• dried and stored
    • sandbox water sealed
    • and air intake fully dried.
  • WAG9 (IGBT), 9000 and 12000 HP locomotives offer an excellent opportunity to overcome and minimize wheel slipping and stalling. The new class also calls for the revised driving habit of not using manual sanding.

Attacking Speed on Gradient

The attacking speed of the train at the start of the gradient plays an important role in its ability to negotiate the gradient comfortably. As per the simple equation of motion, we know v2+u2=2gh; and without traction and rolling only, the train will climb to a distance of v2/(2g) or will travel a linear distance of [v2/(2g)]*(1/G) where G is gradient, i.e., vertical distance traveled divided by horizontal distance. As per the theoretical calculations considering the train resistance involving factors a, b, and c, 1/3rd of the energy is lost in overcoming train resistances. Therefore, empirically, the climbing distance for different speeds and gradients can be calculated as per the formula:  Distance = (1/3)[v2/(2g)]*(1/G) and costing distance table given below to understand the potential of attaching speed.
Capture

The attacking speed is generally of the order of 50-55 Kmph. This is mainly due to the restrictions imposed on the loaded stock when the carrying capacity of the wagon increased.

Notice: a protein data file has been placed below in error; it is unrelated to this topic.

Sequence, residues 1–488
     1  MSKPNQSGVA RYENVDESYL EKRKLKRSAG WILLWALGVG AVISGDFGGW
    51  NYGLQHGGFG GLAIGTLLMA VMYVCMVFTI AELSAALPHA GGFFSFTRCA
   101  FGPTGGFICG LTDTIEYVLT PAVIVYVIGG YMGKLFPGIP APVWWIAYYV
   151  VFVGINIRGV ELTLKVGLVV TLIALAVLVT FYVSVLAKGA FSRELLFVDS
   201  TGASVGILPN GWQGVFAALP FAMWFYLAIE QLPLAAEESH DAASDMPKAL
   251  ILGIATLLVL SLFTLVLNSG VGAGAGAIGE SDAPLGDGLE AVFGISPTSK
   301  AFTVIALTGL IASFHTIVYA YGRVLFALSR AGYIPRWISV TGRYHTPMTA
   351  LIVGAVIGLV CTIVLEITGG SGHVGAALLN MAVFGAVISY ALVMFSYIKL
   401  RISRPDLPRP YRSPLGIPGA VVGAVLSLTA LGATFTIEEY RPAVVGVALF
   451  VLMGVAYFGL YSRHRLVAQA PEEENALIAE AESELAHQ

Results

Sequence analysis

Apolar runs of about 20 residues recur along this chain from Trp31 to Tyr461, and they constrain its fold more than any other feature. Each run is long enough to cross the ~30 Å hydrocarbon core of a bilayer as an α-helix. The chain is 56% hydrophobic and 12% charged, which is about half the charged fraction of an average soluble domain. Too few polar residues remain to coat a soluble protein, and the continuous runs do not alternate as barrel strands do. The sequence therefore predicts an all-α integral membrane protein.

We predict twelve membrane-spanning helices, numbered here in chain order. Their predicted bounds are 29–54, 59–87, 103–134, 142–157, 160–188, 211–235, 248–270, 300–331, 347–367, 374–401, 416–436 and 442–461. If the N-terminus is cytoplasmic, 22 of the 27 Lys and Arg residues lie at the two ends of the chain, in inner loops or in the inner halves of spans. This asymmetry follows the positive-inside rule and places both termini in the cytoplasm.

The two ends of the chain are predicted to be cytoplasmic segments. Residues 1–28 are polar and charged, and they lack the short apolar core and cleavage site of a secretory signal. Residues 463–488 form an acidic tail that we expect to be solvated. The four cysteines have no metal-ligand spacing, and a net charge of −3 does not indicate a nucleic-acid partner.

Indian Railway has upgraded the track to cater to a 25 T axle load on a dedicated freight corridor and feeder route. In case IR decides to upgrade the 3-4 Km stretch at the beginning of the upgradient permitting the speed to 75-80 Kmph ( and even 90-100 Kmph), negotiating the train on an up gradient even when adhesion is limited to 20% for an exit speed of 30 kmph on a gradient of 5 km will be very easy. The expenditure involved will only be around 5 Crs per such section.
This is a much better option than regular debates and discussions at various forums but with an almost negligible long-term solution. All discussion finally boils down to overpowering; therefore, this will certainly benefit until such a mission of overpowering is achieved.   In any case, overpowering is a much costlier proposal than upgrading the track to a 25 T axle load before the start of such critical sections.

5347141956_ac37aef6b1_o
Raising attacking speed at the start of the vulnerable section  will help IR coming out of the age old problem of wheel slipping and stalling meaningfully.

 

Post a Comment

Your email address will not be published. Required fields are marked *

There is 1 Comment

  1. K.Raman says:

    Well said! It is a pity that few people understand the mechanics of traction.

Top